One of the healthiest habits that my father picked up when he was an Alzheimer’s patient in Lima (2011-2012) was drinking agua fresca throughout the day. Agua fresca, or “fresh water” as it is translated into English, is a popular drink throughout Latin America, but a bit of research on my part turned up an interesting fact: The Peruvian version that my father consumed day in, day out, differs in several ways from the agua fresca served elsewhere in Latin America. And those differences are what I’d like to explain for North American readers because this drink can benefit elders, their caregivers and people in general.
VERSION 1: COLD, SWEET, BLENDERIZED
Agua fresca in much of Latin America is a “light, non-alcoholic drink served by street vendors, in bodegas, and at eateries throughout Central America, Mexico, and the Caribbean,” explains the Latin Kitchen. That type of agua fresca is made by mixing fresh fruit, sugar and cold water in a blender and straining the liquid so there’s no pulp. Spices or herbs are sometimes added, and the drink is served cold, often on ice. It’s popular for cooling down in the summer months, and you can find many recipes online, using watermelon, mango, papaya, etc.
Here’s a photo of agua fresca made in a blender, specifically, watermelon mint, from Epicurious:
VERSION 2: COOL OR TEPID, LESS SWEET, BOILED
While that cold, sweetened drink can also be found in Peru, a more traditional version is made by boiling fruit in a big pot of water on the stove, often with cinnamon, cloves and other spices. Sweeteners are optional. The mixture is strained and the resulting liquid can be consumed warm, tepid or chilled (with or without ice). Sometimes chunks of real fruit are added to the glass before serving. Peruvian families typically make agua fresca in their own homes, and some Peruvian bloggers have commented that nothing says “Welcome home” to them more than the aroma of apples and cinnamon bubbling away on a stovetop.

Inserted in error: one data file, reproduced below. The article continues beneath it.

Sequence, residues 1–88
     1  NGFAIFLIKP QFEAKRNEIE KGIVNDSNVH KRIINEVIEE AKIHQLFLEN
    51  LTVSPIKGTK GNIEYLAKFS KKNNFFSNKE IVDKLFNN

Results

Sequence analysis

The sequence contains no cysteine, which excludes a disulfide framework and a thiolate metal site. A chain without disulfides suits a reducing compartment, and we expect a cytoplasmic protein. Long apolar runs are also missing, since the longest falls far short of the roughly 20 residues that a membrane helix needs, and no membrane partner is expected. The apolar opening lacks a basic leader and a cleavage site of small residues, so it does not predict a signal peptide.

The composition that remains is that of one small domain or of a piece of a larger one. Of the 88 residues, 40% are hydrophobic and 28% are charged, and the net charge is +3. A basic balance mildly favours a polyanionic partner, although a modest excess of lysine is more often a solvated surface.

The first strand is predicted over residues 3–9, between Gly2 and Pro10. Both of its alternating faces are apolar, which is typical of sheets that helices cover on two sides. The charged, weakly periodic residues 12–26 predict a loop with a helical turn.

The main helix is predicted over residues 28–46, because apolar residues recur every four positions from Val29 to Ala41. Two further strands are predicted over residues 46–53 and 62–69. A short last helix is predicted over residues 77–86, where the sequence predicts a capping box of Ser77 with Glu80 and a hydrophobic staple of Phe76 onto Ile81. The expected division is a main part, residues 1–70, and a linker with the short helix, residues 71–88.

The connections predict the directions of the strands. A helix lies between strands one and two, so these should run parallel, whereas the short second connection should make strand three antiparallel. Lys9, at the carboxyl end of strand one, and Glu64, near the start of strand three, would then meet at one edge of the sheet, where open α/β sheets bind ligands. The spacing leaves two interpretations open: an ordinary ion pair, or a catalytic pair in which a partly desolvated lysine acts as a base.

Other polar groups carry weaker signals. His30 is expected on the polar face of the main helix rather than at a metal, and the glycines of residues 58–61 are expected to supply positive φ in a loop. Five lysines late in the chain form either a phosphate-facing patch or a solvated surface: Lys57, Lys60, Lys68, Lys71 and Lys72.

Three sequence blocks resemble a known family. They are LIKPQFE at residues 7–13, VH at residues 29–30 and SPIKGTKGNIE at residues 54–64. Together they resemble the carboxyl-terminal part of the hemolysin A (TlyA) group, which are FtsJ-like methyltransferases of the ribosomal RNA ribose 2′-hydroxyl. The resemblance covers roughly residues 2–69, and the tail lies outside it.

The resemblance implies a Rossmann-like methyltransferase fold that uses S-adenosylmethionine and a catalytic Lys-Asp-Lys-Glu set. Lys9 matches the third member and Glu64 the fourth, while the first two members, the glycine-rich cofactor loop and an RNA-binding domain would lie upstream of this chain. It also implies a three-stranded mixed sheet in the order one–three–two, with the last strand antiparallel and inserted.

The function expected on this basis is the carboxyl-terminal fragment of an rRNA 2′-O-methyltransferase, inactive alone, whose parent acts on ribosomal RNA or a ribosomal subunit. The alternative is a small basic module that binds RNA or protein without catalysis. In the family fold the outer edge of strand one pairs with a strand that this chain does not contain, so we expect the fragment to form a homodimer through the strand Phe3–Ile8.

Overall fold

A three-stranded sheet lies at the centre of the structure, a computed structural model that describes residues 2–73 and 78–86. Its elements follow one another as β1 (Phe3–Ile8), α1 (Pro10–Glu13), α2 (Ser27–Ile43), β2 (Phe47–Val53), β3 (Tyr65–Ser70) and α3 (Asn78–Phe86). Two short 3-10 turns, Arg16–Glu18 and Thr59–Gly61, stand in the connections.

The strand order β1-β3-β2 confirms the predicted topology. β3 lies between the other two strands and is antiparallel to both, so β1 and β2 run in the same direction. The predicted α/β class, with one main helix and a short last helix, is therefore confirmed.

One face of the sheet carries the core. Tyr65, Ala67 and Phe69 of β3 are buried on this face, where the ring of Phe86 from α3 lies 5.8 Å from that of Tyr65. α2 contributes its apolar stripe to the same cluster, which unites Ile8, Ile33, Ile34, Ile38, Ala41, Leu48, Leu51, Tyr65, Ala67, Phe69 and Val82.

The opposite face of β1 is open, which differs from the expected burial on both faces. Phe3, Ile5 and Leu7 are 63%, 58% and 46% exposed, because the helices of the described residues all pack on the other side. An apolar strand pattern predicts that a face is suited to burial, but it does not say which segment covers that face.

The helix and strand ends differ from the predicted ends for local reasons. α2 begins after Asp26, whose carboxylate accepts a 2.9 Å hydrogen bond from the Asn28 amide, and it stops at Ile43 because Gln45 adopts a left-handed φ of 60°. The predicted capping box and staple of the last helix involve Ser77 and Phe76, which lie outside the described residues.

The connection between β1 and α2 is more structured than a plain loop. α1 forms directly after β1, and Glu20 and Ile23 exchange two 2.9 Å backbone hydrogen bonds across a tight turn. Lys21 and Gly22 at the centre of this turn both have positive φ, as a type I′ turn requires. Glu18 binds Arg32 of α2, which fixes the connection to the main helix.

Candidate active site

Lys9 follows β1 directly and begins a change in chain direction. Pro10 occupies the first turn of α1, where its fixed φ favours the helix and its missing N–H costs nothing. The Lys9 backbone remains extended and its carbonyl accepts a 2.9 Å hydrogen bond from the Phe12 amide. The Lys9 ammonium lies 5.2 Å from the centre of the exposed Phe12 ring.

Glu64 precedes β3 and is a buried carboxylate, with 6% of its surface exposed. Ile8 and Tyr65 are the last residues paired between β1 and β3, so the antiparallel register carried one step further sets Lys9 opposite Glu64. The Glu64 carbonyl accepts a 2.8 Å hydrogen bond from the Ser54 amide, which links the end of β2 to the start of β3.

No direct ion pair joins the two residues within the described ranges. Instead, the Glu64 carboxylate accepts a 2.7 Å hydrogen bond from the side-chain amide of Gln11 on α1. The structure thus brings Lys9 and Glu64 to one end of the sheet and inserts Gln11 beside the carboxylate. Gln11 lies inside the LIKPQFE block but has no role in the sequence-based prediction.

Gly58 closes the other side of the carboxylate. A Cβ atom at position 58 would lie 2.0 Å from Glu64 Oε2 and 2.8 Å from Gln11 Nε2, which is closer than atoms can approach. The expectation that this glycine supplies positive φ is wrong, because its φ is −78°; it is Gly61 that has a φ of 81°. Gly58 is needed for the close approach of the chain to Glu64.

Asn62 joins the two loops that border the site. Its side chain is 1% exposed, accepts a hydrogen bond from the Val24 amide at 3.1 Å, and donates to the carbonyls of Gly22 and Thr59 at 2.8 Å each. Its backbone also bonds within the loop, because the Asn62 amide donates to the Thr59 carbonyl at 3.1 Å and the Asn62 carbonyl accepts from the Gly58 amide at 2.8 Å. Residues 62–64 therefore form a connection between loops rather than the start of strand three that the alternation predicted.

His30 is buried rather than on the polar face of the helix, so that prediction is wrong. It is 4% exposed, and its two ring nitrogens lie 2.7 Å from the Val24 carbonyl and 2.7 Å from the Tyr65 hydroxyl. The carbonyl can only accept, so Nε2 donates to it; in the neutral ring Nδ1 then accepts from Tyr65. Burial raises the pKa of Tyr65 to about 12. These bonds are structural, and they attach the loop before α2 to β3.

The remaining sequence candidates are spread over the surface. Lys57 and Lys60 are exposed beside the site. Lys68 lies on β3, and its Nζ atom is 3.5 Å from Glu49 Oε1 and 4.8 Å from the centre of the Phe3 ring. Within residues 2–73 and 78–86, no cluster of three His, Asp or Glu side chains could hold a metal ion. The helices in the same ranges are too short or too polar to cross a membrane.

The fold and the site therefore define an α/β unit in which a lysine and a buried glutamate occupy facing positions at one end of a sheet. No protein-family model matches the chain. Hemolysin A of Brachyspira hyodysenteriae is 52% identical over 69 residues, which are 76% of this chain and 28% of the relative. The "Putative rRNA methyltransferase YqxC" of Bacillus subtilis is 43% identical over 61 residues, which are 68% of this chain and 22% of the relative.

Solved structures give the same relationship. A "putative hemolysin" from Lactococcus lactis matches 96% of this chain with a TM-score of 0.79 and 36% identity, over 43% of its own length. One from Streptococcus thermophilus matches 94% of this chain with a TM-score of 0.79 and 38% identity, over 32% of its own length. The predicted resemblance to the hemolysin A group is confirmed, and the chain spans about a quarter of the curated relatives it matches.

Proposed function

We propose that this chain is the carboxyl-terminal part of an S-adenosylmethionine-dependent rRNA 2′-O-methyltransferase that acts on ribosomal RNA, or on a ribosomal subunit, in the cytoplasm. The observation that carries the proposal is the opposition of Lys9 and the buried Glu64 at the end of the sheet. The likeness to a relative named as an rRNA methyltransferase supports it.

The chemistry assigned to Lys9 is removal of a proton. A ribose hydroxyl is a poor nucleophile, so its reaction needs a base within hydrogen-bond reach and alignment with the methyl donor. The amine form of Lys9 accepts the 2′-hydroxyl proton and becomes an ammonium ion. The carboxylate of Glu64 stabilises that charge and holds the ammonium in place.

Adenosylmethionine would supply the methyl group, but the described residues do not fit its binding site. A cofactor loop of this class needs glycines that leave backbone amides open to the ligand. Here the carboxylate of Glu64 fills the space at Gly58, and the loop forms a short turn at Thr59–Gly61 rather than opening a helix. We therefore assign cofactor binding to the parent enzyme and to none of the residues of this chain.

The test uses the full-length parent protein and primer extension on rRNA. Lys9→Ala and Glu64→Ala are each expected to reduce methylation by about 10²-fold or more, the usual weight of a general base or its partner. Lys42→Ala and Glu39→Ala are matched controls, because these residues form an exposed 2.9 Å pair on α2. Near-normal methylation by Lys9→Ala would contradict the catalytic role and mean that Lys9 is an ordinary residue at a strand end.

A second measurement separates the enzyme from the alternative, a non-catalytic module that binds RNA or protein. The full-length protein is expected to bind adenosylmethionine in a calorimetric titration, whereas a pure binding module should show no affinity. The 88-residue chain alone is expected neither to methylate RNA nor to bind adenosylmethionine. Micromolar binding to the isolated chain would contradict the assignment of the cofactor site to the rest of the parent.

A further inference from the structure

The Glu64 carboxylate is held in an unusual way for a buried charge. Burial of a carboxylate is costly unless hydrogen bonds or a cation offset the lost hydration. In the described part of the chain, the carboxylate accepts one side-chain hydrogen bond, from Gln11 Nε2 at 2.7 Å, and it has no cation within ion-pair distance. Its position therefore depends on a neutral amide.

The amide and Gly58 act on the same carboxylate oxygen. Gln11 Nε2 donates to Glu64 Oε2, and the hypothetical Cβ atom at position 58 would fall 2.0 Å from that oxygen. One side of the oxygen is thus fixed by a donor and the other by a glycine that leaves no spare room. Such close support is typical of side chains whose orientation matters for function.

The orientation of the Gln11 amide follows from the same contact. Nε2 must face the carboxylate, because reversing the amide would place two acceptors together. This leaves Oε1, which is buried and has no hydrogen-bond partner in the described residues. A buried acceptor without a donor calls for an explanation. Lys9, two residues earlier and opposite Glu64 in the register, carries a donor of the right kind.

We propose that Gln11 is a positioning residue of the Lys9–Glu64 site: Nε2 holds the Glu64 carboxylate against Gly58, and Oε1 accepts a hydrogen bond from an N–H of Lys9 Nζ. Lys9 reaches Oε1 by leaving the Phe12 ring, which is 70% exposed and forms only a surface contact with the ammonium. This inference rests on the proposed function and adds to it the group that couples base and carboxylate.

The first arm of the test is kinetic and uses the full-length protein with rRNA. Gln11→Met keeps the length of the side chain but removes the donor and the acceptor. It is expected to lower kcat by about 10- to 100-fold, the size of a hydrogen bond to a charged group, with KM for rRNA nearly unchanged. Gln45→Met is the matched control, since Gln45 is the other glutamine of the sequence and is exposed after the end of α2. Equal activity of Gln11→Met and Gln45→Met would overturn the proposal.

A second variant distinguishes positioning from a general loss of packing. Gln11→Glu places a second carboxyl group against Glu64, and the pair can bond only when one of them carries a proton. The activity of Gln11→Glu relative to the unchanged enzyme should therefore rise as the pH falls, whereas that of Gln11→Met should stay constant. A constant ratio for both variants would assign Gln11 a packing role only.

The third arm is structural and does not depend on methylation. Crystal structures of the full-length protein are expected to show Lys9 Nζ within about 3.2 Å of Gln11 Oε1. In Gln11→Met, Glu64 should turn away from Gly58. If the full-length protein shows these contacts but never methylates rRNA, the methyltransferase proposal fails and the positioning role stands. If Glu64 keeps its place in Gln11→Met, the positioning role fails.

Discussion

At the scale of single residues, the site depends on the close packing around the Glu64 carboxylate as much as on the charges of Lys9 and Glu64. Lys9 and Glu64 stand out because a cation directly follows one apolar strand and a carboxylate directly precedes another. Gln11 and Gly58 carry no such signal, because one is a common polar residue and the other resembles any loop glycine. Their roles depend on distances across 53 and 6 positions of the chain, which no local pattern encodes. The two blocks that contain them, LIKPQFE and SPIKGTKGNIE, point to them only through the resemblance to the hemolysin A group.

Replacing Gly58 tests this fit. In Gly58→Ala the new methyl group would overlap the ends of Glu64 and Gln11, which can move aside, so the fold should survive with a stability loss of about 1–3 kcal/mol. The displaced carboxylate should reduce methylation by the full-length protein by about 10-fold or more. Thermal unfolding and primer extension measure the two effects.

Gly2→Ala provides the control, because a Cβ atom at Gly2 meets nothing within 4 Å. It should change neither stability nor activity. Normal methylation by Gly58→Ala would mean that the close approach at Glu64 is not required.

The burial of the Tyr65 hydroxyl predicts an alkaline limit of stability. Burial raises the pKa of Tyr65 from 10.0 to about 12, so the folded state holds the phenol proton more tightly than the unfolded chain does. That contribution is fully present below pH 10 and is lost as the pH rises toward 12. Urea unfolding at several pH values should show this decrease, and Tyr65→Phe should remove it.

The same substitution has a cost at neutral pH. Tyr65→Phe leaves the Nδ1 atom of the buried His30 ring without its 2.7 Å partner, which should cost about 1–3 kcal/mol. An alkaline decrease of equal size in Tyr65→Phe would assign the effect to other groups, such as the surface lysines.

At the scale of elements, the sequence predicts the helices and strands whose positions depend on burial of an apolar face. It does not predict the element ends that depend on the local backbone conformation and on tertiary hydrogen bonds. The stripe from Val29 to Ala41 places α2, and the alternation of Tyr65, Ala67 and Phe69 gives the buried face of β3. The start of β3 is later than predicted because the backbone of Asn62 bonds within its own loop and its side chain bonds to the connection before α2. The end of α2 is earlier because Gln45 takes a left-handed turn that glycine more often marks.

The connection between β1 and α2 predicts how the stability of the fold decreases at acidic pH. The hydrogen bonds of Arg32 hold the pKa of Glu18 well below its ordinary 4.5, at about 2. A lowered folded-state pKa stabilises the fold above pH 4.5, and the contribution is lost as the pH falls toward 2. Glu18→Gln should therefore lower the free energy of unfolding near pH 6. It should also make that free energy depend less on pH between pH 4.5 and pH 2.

Boiled agua fresca can look like the photo at the top of this post, or cloudier, like the image below. Often it’s even more watered down.
The most popular favors are agua de manzana (apple water), agua de piña (pineapple water) and the generic agua de frutas (fruit water). Fruit-infused water is often consumed with meals, just as people in the U.S. typically have a glass of water at the table. This homemade drink is so customary in Peru that you’ll find agua fresca served at nearly every Mom and Pop restaurant that offers daily menus, or cheap lunchtime specials.
ECONOMICAL & HEALTHY
In addition to being a comfort drink, agua fresca is popular with Peruvians because it is economical. Relatively little fruit is used to infuse a large amount of water: Some recipes might call for two apples and one liter (4.2 cups) of water; another recipe calls for 8.5 ounces (about two peeled apples) and double the amount of water! In any case, the ratio of water to fruit isn’t exact, and the slow boiling technique enables the cook to “stretch” the fruit flavor over a large amount of liquid. Pineapple water is especially economical since it uses the outer skin (cascara), not the fruit itself. And given the abundance of fresh fruit in Peruvian markets, it’s possible for families at all economic levels to have access to plentiful agua fresca in their homes.